Labor and Environmental Groups Push for a Stronger Anti-Asbestos Policy to Protect Human Health
There is an urgent need to modify and improve the Philippines’ twenty-one year old asbestos policy regulation on the manufacture and use of asbestos and asbestos containing materials in the country, said a confederation of labor unions and a coalition of environmental organizations.
According to the Trade Union Congress of the Philippines (TUCP) and the Ecowaste Coalition, the moribund Chemical Control Order (CCO) for Asbestos issued by the Department of Environment and Natural Resources (DENR) on January 6, 2000 needs serious improvement in its mandate to protect the public in the light of its passive enforcement, growing non-compliance to the regulation, and the unfettered importation into the country of raw asbestos and materials and products containing asbestos.
Amid the resurgence of COVID-19 cases, Teachers asked DEPED to retain their work from home status
Amid the rising cases of COVID-19 especially in Metro Manila, the Teachers ’Dignity Coalition (TDC) has asked the Department of Education (DepEd) leadership to publicly declare that the agency is compliant with its own policy on alternative work arrangements for public school teachers. In a series of Facebook posts this morning, TDC Chairperson called the attention of DepEd officials to reiterate the alternative work arrangement of public school teachers.
“Yung ilang schools/SDOs sa Reg 3 & Reg 4A na nagpapasok sa teachers physically, relax, ‘wag niyo na dagdagan ang exposure ng tao para hindi matulad dito sa NCR. Remote modalities ang teaching, remember?” Basas posted referring to some schools in Central Luzon and CALABARZON requiring the physical presence of their teachers despite the remote teaching modalities employed by DepEd.
Tinay Palabay wins prestigious human rights award; dedicates prize to fellow rights defenders
Karapatan’s office was busy Wednesday afternoon and people were scurrying about, as usual. But no list was being updated and no frantic calls were being made. The stacks of papers atop tables were being ignored and the placards were shoved to corners where they could not get in the way of the bustle.
The chatter was happy and the jokes came thicker and faster than usual. And instead of harried-looking human rights defenders, they looked like party-goers in their Sunday best.
In a space usually reserved for quick consultations when there are reports of arrests and killings stood a ring light beside a human rights lawyer, make-up brushes in hand. Under the lights sat Karapatan’s secretary general Cristina “Tinay” Palabay being glammed up.
Why the Laud quarry, ‘mass grave’ for DDS victims, haunts Lascañas
When a death squad maintained by the mayor of the Philippines’ largest city goes on a killing spree, where do they bury the bodies?
For their biggest dumping ground – where hitmen had confessed to having buried thousands – the notorious Davao Death Squad (DDS) had a six-hectare quarry owned by policeman Bienvenido Laud in Barangay Ma-a.
In an affidavit submitted to the International Criminal Court (ICC) in October 2020, a copy of which was obtained by Rappler, former DDS insider Arturo Lascañas detailed how the Laud quarry had become a “mass grave” for persons whom then-mayor Rodrigo Duterte had ordered them to kill.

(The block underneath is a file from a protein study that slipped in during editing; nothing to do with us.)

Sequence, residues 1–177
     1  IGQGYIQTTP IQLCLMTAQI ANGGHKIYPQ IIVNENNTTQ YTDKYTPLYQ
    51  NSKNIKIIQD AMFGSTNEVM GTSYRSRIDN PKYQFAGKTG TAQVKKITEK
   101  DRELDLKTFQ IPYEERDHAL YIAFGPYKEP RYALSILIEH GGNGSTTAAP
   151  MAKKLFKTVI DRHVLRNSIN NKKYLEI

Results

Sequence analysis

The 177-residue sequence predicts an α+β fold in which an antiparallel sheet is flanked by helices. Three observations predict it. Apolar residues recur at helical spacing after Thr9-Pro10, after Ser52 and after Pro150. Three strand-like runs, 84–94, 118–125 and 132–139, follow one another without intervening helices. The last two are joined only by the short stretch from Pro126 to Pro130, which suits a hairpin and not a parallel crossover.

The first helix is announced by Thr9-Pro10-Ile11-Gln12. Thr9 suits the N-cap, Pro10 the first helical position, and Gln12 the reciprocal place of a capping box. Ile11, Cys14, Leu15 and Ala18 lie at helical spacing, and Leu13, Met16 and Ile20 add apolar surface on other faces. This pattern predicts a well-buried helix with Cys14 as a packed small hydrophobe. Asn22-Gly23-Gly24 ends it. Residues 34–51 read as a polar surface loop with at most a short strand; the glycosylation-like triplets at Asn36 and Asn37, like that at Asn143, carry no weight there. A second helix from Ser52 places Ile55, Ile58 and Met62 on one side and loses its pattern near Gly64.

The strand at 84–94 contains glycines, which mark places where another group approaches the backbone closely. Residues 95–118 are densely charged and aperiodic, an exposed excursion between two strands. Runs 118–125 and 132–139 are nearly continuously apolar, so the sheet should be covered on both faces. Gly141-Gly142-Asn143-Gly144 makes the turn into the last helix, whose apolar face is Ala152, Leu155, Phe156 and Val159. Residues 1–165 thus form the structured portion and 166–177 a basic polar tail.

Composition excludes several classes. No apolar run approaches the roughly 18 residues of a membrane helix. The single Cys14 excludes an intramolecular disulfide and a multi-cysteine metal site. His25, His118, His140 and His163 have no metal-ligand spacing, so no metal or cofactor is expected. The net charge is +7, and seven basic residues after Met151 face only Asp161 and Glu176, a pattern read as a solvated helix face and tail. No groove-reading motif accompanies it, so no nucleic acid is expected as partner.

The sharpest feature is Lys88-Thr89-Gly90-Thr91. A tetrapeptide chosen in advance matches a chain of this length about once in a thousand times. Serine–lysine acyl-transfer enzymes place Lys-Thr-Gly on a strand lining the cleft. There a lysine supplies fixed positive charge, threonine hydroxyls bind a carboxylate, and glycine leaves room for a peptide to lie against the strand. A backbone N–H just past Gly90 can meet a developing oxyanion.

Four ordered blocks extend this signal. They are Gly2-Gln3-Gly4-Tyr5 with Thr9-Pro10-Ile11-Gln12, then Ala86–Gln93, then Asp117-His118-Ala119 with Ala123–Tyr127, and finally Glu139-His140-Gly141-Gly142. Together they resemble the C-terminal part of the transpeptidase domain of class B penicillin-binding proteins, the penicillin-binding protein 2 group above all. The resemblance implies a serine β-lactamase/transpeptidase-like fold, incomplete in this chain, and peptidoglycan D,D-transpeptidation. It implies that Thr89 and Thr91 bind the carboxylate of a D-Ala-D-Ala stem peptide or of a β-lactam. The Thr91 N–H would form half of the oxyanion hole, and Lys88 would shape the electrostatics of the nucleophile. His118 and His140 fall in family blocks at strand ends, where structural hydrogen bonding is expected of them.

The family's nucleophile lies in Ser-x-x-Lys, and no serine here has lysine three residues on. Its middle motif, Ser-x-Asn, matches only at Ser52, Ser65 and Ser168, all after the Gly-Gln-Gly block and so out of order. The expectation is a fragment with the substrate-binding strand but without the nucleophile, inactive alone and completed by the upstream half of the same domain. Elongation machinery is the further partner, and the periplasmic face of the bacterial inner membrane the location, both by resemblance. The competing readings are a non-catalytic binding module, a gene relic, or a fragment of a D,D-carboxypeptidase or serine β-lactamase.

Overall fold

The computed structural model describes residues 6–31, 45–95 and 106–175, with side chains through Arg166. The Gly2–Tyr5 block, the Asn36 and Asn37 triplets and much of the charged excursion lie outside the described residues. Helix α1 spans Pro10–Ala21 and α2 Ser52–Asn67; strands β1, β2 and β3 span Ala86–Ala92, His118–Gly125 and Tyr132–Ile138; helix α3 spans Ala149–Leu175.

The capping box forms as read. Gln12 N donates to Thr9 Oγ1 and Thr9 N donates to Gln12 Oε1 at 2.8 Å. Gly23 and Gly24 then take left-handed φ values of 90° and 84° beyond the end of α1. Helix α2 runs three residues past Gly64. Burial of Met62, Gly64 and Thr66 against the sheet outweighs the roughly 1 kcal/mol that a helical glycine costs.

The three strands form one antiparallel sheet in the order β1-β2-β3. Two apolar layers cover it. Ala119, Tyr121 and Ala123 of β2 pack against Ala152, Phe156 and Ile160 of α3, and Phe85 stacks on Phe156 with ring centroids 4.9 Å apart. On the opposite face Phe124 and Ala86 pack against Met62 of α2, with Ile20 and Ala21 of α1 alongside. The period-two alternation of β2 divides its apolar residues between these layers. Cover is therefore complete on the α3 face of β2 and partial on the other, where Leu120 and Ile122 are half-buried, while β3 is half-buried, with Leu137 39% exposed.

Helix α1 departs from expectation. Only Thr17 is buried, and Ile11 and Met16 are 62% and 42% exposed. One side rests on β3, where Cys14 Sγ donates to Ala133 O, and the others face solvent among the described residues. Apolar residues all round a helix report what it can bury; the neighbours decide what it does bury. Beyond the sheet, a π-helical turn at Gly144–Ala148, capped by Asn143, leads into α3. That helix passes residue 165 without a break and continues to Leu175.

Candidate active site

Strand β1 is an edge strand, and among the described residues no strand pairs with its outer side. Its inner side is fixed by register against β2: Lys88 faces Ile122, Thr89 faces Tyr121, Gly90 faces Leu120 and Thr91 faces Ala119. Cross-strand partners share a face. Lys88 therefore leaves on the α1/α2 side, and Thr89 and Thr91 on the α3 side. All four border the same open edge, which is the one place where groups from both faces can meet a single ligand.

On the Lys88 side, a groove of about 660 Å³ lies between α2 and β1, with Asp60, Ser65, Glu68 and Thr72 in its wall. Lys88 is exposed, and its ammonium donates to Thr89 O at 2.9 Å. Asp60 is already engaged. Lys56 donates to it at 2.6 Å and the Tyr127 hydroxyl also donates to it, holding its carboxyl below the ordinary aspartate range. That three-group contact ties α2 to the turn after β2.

Facebook Is Now Meta. And It Wants to Monetize Your Whole Existence. By James Muldoon
You log on, and you’re herded into a virtual bar to listen to your boss telling jokes. Meanwhile, a metaverse-first real estate company is selling off overpriced property in a virtual London, and gamers are competing for non-fungible tokens. Welcome to the Zuckerverse — a place nobody asked for but in which we may soon all be spending a lot of time.
On Thursday, Facebook changed its name to Meta, as part of a broader shift toward the so-called metaverse — a network of interconnected experiences partly accessed through virtual reality (VR) headsets and augmented reality (AR) devices. In Zuckerberg’s own words, “you can think about the metaverse as an embodied internet, where instead of just viewing content — you are in it.” The most recognizable examples of this in action are virtual office meetings with VR goggles, playing games in an expansive online universe, and accessing a digital layer on top of the real world through AR.
Philippines Loses Staunch Rights Defender | Human Rights Watch
Philippines Loses Staunch Rights Defender Chito Gascon Led Commission on Human Rights During Trying Years By Carlos H. Conde Senior Philippines Researcher Human Rights Watch
The Philippines has lost a beloved human rights defender. Jose Luis Martin Gascon, known to all as “Chito,” who had chaired the governmental Commission on Human Rights since 2015, died October 9 from complications due to Covid-19, his family said. He was 57.
Friends and allies in the human rights movement mourned Gascon’s passing. “The country lost a dedicated public servant who never cowered in fear in asserting people’s rights and civil liberties,” said Fides Lim, spokesperson of Kapatid, a group advocating for the rights of political prisoners. “Amid the challenges faced by the CHR … he carried on with dignity, strength and courage,” said Jacqueline Ann de Guia, Gascon’s colleague at the commission. Even the military, often the target of commission investigations, paid its respects.
Opinion: Duterte is worried about the ICC. He should be. | by Carlos H. Conde
Clarita Alia remains anguished, nearly 20 years after I first heard her express her grief.
“His name was Danilo Lugay,” she told me over the phone recently from Davao City, in the southern Philippines. Police killed Lugay in September 2020 during a drug raid; a news report of the killing said he had fought back and police officers shot him. Lugay, 28, was the grandchild of Alia’s sister Naneth.